Planning to travel abroad this year?
The State Department has new advisories at Travel.state.gov that rank every country on a scale of one to four to help travelers make informed decisions about their personal safety. The agency introduced the rankings this month to replace its longstanding system of warnings and alerts, which many travelers found difficult to grasp.
“Frankly, I personally was tired of explaining the difference between a travel warning and a travel alert even to some of my colleagues,” Michelle Bernier-Toth, the Bureau of Consular Affairs acting deputy assistant secretary for overseas citizens services, said during a conference call about the rankings.
Many people weren’t sure what differentiated travel warnings from alerts, and what they were supposed to do when either was issued. Under the new ranking system, the lower the number, the lower the risk, with Level 1 being “exercise normal precautions,” Level 2 being “exercise increased caution,” Level 3 being “ reconsider travel” because of serious risks to safety and security, and Level 4being “do not travel” because of the greater likelihood of life-threatening risks and the United States government’s limited ability to provide help.
Upon first blush, the rankings may seem like laws. For instance, if you search for a country and it’s a Level 4, as Afghanistan is, it has a bright red heading and the words “Do not travel.” But the State Department does not bar private citizens from traveling to a particular country — even one that it advises they not visit. (In the case of North Korea, however, there is a general travel restriction on the use of a United States passport.) The rankings, even those that are Level 4, are recommendations, not rules.
Each level has a corresponding color: blue for Level 1, yellow for Level 2, orange for 3, and red for 4. What the department thinks each country’s particular risks are is detailed on its page. If a country has a ranking higher than Level 1, the agency also shows certain letters on the country page to indicate the threat or threats at a glance: C for crime, T for terrorism, U for civil unrest, H for health risks, N for natural disasters, E for a time-limited event like an election that may pose a safety risk, and O for other.
Ms. Bernier-Toth said the State Department hasn’t changed how it assesses a level of threat in a country — just the way threats are presented and described to travelers. Iran, Libya, Syria and Somalia are among the Level 4 countries with “do not travel” recommendations. Canada, Portugal, Cambodia and Vietnam are some of the Level 1, lowest-risk countries.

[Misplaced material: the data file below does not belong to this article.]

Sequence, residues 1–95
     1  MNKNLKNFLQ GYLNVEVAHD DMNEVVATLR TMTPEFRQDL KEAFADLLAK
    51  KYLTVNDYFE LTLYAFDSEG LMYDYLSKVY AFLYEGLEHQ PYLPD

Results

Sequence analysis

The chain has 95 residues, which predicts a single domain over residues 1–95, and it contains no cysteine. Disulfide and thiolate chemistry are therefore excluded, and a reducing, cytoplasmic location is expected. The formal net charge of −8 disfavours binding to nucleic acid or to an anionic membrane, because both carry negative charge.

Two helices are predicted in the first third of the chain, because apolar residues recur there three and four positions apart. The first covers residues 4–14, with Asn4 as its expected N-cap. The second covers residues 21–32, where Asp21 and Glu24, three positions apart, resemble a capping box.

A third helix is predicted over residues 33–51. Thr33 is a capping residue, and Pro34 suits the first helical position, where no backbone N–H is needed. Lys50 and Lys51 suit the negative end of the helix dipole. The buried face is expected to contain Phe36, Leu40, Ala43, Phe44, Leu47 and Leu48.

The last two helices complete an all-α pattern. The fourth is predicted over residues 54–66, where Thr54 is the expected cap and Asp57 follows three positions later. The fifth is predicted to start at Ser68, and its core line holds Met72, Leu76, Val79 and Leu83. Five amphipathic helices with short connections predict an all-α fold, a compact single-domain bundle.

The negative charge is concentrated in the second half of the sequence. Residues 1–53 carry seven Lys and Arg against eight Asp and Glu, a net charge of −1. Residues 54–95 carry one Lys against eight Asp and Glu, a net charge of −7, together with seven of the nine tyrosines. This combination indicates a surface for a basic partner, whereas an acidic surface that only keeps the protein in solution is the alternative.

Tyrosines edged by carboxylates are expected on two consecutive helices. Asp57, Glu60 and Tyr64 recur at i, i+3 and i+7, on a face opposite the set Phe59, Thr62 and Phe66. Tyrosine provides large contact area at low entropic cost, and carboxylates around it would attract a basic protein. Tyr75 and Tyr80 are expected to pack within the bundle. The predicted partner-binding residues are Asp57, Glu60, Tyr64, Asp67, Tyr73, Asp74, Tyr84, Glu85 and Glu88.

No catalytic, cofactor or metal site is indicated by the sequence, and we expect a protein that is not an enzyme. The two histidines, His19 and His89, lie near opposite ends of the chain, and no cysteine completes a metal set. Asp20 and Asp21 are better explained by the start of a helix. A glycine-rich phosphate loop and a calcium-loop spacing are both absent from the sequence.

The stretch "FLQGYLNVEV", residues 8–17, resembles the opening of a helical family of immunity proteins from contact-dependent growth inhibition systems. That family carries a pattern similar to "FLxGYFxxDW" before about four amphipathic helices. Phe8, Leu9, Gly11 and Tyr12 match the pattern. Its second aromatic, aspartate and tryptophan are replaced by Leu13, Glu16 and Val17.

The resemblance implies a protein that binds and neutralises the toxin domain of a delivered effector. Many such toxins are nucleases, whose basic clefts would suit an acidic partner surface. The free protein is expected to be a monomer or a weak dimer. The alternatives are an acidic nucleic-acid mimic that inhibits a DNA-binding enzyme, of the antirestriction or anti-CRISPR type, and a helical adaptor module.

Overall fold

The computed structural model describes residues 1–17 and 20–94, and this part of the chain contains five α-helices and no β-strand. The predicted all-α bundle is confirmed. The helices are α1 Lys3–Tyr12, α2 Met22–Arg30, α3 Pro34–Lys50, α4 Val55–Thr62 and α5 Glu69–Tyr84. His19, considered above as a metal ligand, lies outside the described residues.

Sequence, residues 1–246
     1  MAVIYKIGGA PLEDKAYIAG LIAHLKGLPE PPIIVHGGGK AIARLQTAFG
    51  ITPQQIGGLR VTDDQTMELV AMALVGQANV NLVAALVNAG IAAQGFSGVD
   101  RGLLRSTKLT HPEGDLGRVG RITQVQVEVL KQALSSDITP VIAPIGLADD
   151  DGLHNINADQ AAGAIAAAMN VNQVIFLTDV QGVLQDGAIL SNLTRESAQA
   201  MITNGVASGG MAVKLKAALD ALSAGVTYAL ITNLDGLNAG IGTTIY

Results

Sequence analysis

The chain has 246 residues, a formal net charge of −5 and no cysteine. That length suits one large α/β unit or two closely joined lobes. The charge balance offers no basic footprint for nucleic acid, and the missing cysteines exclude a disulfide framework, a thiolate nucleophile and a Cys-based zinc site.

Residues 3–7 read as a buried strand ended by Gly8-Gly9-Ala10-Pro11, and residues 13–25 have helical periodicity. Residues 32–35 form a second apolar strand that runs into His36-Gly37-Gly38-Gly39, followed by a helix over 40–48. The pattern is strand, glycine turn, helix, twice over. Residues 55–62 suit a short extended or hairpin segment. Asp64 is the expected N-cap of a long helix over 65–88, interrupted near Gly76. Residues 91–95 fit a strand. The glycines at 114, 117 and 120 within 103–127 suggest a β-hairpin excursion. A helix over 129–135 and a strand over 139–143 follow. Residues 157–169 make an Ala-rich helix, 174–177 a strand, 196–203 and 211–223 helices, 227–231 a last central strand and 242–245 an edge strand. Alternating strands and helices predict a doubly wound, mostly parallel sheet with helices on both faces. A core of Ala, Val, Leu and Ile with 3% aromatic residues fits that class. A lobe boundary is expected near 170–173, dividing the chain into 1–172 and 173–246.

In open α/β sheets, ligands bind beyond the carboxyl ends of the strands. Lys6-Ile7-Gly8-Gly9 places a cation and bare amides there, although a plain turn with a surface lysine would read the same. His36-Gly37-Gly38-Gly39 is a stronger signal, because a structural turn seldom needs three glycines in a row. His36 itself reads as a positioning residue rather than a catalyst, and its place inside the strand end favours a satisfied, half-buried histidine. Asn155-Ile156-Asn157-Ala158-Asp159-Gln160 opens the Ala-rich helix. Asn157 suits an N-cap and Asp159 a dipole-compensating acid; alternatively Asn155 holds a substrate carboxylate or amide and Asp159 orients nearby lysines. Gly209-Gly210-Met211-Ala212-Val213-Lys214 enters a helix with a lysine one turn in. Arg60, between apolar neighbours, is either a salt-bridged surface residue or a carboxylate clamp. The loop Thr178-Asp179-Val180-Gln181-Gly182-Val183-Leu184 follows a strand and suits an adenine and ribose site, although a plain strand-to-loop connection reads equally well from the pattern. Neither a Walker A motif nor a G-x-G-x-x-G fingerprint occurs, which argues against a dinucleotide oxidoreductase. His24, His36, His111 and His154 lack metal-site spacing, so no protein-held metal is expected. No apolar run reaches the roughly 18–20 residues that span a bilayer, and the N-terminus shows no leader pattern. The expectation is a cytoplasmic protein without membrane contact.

Brazil, which said on its government news site, BrazilGovNews, that it will soon begin allowing American citizens to apply for an e-Visainstead of making an appointment at a Brazilian consulate, is a Level 2 country, because of crime. Cuba is an example of a Level 3 country, a ranking that reflects the agency’s reduced staffing in Havana and limited ability to help travelers, as well as concerns that Americans may be at risk after the mysterious attacks in 2016 that affected employees of the United States Embassy there.
In addition to an overall ranking, there can be different rankings within a country. Mexico, for instance, is a Level 2 country, which simply calls for increased caution — that’s the same ranking as other favorite vacation destinations like France, Italy and Britain. Yet certain areas within Mexico — Colima, Guerrero, Michoacán, Sinaloa and Tamaulipas states — that experience violent crime from gangs and criminal organizations were given the highest ranking, Level 4. Those particular states, not all of Mexico, have the same ranking as countries like Afghanistan and Somalia. Read what the State Department says about the states in Mexico and you’ll see that the threat is violent crime. In Afghanistan, the agency says the threat is not only crime, but also terrorism, civil unrest and armed conflict. This is why it’s important to look not just at the ranking number, which lacks that nuance.
The smartest way to use the rankings to help decide if a trip is right for you is to read the explicit risks on the country page, which on the overhauled website are more clearly explained.
In general, the guidelines, including the differentiation between states in Mexico, for example, are a reflection of the restrictions that United States government personnel in the country adhere to. “Where they can go,” Ms. Bernier-Toth said, “where they’re not allowed to go, where they can go with very specific security precautions.” Travelers who choose to follow the guidelines are doing what United States government employees themselves are doing.
The agency plans to routinely reassess the rankings. Levels 1 and 2 will be reviewed at least once a year, unless a new threat emerges or there’s been a change in circumstances that warrants a review. Level 3 and 4 countries will be reviewed every six months, or more if circumstances call for it.
Travelers who were already familiar with the department’s online country pages will still find entry and exit requirements, local laws and customs, and health conditions. The website is now mobile-friendly as well.
And while the State Department has also done away with emergency and security messages, it will still issue alerts for things like hurricanes and terrorist incidents, which you can sign up for through its Smart Traveler Enrollment Program (STEP), and read at Travel.state.gov.
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